Trump Campaign Disavowed Super PAC

By Kenneth P. Doyle

April 22 — Great America PAC, a super political action committee that supports Donald Trump's presidential candidacy, was disavowed by Trump's campaign and asked to refund all contributions received in connection with fundraising to support Trump.

The demand came in a letter to the super PAC's treasurer, Dan Backer, from Trump's campaign attorney, Donald McGahn. McGahn, a former Federal Election Commission member now with the law firm Jones Day, provided a copy of the Trump campaign's letter, dated March 23, to Bloomberg BNA; it has not been reported on before.

The letter noted that Trump has criticized other candidates for seeking support from super PACs and benefitting from “untold millions of dollars being raised and spent” by these PACs, which can accept unlimited contributions for independent campaign expenditures.

“Mr. Trump believes the rules and regulations of super PACs are difficult to understand, and are interpreted differently by everyone,” McGahn's letter said. “Mr. Trump is personally funding his own campaign in connection with the primaries with his vast personal fortune, and has made it clear that he does not need the financial support of others.”

Concern About ‘Confusion.'

Trump has provided more than $36 million, so far, to his campaign for the Republican presidential nomination, according to his latest disclosure report filed with the FEC. He also has welcomed support from individual contributors, who have given his campaign committee an additional $12 million, mostly in small contributions.

Questions were raised about Great America PAC when the super PAC filed a disclosure report with the FEC April 20, indicating a cash deficit of nearly $685,000 (See previous story, 04/22/16). The PAC reported independent campaign expenditures of more than $1 million for pro-Trump television ads, but apparently has not actually spent anything close to that amount.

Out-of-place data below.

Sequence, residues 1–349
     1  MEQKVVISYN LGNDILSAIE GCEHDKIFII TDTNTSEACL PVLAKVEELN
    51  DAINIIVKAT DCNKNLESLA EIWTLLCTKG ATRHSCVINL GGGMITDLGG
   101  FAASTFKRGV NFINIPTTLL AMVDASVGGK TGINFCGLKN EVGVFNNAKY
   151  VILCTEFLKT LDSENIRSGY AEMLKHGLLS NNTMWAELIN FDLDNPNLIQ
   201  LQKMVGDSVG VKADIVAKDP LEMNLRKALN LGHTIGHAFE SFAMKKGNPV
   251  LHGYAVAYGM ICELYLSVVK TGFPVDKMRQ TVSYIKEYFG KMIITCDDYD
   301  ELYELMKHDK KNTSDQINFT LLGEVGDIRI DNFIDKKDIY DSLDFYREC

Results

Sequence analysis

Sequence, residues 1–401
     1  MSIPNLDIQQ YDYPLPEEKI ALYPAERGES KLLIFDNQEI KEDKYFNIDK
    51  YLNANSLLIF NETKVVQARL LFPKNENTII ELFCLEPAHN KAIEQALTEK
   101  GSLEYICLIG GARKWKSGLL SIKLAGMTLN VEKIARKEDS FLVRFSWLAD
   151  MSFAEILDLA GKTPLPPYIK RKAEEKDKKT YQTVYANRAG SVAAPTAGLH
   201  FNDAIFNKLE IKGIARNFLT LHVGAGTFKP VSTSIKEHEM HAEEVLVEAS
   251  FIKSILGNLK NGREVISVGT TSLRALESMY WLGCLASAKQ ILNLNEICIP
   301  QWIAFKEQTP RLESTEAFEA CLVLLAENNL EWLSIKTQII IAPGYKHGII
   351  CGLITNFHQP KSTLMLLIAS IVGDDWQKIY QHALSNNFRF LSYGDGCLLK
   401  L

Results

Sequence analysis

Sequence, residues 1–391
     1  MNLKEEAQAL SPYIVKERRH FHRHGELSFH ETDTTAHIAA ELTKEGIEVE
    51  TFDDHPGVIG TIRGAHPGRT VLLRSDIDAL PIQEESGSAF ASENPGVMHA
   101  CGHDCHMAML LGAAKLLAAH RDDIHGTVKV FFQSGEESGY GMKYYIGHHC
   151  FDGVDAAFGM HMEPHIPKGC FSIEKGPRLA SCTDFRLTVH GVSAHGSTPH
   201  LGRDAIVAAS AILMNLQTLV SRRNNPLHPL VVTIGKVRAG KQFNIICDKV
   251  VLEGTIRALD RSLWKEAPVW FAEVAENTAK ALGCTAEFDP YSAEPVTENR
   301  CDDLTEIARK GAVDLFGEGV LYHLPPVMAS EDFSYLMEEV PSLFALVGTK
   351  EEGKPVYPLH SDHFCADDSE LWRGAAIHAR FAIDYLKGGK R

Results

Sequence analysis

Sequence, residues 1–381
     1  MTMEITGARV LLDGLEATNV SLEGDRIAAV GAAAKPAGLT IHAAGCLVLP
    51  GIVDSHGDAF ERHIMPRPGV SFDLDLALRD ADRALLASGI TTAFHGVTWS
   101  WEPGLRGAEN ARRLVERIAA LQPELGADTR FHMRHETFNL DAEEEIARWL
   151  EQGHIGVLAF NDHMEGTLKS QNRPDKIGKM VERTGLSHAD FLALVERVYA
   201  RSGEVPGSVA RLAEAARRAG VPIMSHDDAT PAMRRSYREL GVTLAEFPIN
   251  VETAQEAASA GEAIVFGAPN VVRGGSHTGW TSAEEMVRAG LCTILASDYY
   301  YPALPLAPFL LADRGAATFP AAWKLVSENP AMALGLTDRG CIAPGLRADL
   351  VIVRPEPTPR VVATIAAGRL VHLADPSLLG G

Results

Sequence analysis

McGahn's letter to Great America PAC said Trump's campaign respected the super PAC's rights “guaranteed under the First Amendment to speak your mind regarding politics, candidates and issues of the day,” but the campaign is concerned about “confusion that is likely to be caused by your efforts.”

The letter noted that Trump's campaign had previously asked the super PAC to stop using its original name, TrumPAC. In addition, McGahn said the campaign was providing notice that the super PAC is not authorized to use Trump's name and likeness in fundraising.

“We are formally disavowing such activities,” Trump's letter said.

Super PAC's Few Big Contributors

Great America PAC did not immediately respond to questions from Bloomberg BNA about its activities. Asked for a response to McGahn's letter, the super PAC's attorney, Backer of DB Capitol Strategies, said in an e-mail: “Nice letterhead.”

The pro-Trump super PAC's latest FEC report showed most of its receipts were from a $250,000 loan from Goldenwest Diamond Corp. of Tustin, Calif., which is the parent company of jewelry store chain The Jewelry Exchange. The company's founder, Bill Doddridge, was listed in an earlier FEC report as giving $25,000 to Great America PAC. That was the bulk of the super PAC's initial funding, along with a reported $25,000 contribution from California political consultant Eric Beach.

The latest Great America PAC report also listed $100,000 in receipts from a campaign vendor called Revily Inc., but this was reported as an “in-kind” contribution related to “telemarketing services to be provided in later periods.”

In addition to reporting independent expenditures, the super PAC said it provided $5,874 in direct “earmarked contributions” to Trump's presidential campaign, through a separate account that accepts limited, small-dollar contributions in order to give directly to candidates.

Great America PAC received media attention in recent weeks as FEC reports on its independent expenditures reflected the first significant ad spending by a pro-Trump super PAC.

Tens of millions of dollars have been spent during the presidential campaign by super PACs trying to stop Trump from winning the Republican nomination, though this anti-Trump spending has slowed in recent weeks (See previous story, 03/31/16).

To contact the reporter on this story: Kenneth P. Doyle in Washington at

To contact the editor responsible for this story: Heather Rothman at